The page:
Story and photos by Jeff Shimonski, Director of Horticulture, Jungle Island, Miami, Florida
Republished from CityTrees, the Journal of the Society of Municipal Arborists.
March / April 2009
There are approximately 3000 species of mosquito in the world, about 200 in theUnited States and about 60 species are found where I work in Miami-Dade County, Florida. Many of these mosquito species are not only annoying biters of humans or animals but are also disease vectors. Mosquito abatement for public health should be part of the urban forester’s scope of practice.
My IPM work at Jungle Island, an 18-acre zoological theme park in Miami, Florida, has included control of mosquitoes via biorational larvicides instead of broadcasting pesticides as a fog or spray to blanket large areas, which can harm beneficial insects and other organisms. I’ve investigated controlling populations of mosquitoes via scouting, species identification, and application of biologically benign larvicides that only harm mosquitoes. Through an EPA Pesticide Environmental Stewardship Program-sponsored study that began in 2005 and continues today, I was able to design, install, grow, and maintain an entire landscape sustainably, without commercial fertilizers or pesticides.
All mosquitoes breed in water. Depending on the species, the female may lay her eggs directly on the water; the eggs will float upon the surface until hatching. Certain species lay their eggs above the water, along the sides of a container or tree hole, or on a damp substrate. The eggs laid above the water may dry out and remain viable for months or even years before they hatch when they become inundated.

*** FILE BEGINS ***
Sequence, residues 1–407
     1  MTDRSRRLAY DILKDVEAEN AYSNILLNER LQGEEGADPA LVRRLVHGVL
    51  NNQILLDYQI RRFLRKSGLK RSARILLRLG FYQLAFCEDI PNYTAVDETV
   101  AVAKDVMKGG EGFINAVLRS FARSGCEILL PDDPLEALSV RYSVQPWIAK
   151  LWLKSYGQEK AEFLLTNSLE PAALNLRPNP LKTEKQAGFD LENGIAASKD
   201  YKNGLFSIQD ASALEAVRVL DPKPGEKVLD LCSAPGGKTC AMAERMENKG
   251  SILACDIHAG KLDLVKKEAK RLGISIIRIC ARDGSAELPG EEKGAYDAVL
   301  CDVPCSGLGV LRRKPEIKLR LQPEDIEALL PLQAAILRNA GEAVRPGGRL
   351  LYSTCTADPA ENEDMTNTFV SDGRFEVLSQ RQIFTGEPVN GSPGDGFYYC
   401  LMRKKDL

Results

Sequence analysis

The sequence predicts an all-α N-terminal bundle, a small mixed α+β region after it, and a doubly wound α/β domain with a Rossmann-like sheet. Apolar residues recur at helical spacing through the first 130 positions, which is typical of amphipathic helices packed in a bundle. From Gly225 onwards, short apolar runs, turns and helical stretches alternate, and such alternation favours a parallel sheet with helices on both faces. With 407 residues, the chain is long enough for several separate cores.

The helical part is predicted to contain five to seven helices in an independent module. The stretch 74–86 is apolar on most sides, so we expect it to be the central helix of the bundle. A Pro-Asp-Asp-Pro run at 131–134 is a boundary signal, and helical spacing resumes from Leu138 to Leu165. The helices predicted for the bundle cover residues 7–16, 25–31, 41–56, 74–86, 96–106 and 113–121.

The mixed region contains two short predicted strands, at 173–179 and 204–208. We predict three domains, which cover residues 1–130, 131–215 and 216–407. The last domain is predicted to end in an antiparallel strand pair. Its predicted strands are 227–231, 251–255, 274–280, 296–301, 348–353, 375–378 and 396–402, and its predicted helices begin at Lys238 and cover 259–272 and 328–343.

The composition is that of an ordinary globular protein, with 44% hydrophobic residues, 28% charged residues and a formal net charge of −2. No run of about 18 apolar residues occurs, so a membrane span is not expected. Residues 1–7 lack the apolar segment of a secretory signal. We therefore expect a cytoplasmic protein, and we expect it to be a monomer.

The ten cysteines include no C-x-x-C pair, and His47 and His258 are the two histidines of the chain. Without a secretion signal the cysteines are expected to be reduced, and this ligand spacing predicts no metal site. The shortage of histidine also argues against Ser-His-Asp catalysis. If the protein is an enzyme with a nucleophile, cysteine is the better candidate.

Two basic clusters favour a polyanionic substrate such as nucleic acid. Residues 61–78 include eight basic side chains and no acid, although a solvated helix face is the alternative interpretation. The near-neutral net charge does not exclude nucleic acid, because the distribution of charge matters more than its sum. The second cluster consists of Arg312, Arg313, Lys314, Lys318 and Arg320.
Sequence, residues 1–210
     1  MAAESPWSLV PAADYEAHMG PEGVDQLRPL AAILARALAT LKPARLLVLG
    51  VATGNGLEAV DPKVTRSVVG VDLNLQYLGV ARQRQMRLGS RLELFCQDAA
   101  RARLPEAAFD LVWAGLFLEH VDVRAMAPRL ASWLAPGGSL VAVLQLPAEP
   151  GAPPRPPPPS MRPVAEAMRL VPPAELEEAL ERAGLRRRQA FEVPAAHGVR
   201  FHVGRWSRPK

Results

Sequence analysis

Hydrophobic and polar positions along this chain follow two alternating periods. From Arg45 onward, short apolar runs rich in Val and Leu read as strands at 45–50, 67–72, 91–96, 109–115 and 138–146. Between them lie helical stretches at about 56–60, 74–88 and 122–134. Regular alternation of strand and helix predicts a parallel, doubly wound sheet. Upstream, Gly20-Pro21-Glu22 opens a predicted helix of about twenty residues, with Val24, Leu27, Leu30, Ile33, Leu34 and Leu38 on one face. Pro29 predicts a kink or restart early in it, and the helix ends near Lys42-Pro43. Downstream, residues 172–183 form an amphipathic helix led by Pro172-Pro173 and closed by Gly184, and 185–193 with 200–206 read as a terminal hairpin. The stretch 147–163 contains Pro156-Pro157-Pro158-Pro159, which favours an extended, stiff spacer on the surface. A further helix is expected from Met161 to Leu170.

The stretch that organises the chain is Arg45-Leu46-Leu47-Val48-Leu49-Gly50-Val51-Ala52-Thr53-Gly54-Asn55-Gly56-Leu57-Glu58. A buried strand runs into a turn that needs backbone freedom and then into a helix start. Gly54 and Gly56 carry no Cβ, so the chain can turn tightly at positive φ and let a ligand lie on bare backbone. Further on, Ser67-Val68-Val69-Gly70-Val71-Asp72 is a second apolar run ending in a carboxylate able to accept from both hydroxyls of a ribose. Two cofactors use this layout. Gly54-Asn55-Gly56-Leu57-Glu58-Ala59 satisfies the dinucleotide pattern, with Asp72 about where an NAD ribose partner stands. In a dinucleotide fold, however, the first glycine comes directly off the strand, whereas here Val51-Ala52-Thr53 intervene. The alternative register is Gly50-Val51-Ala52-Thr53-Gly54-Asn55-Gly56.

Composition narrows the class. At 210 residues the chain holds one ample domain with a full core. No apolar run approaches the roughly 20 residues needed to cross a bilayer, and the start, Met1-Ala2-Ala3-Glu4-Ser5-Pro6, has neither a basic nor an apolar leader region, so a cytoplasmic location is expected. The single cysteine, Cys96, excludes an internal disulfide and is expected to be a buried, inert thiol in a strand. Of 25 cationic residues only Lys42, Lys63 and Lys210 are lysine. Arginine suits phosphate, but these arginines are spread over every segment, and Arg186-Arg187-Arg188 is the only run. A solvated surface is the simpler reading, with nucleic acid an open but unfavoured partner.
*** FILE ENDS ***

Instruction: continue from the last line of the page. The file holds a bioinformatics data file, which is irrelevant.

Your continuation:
Once the eggs hatch, there are four larval stages. These are the “wigglers” that you see in the water. The fourth instar larva turns into a pupa for a short period of time, and soon after, the adult emerges from the water. Not all mosquito species select the same type of watery habitat to lay their eggs—some species prefer clean water, while others prefer water high in organic matter.
On every continent, from moving streams to abandoned car tires and tree holes, mosquitoes have evolved to utilize many different types of larval habitats.
Some of the mosquito species that will breed in tree holes and some of the diseases that they may vector:
• Aedes albopictus is found worldwide and vectors dengue, West Nile virus (WNV), and Chikungunya (viral illness that resembles dengue).
• Aedes aegypti is found worldwide and vectors yellow fever, WNV, and dengue.• Aedes sierrensis is found in the western U.S. and vectors dog heartworm.
• Aedes triseriatus is commonly called the eastern tree-hole mosquito (occurring in eastern and central North America) and vectors eastern equine, LaCrosse encephalitis, and WNV.
• Anopheles species are worldwide vectors of human malaria, numerous animal pathogens, and WNV.
• Culex quinquefasciatus is a worldwide opportunistic tree-hole mosquito that vectors WNV, avian malaria, Wuchereria bancrofti, Western equine encephalomyelitis, and St. Louis encephalitis, and has been implicated as a vector of dog heartworm.
As they mature, trees often develop tree holes or cavities that will hold water. Poor pruning practices damage trees and greatly increase the incidence of rotten cavities. The damage from radical hurricane pruning is especially evident here in South Florida. Many of the tree holes where I find mosquito larvae are cavities that resulted from hurricanes and the subsequent pruning.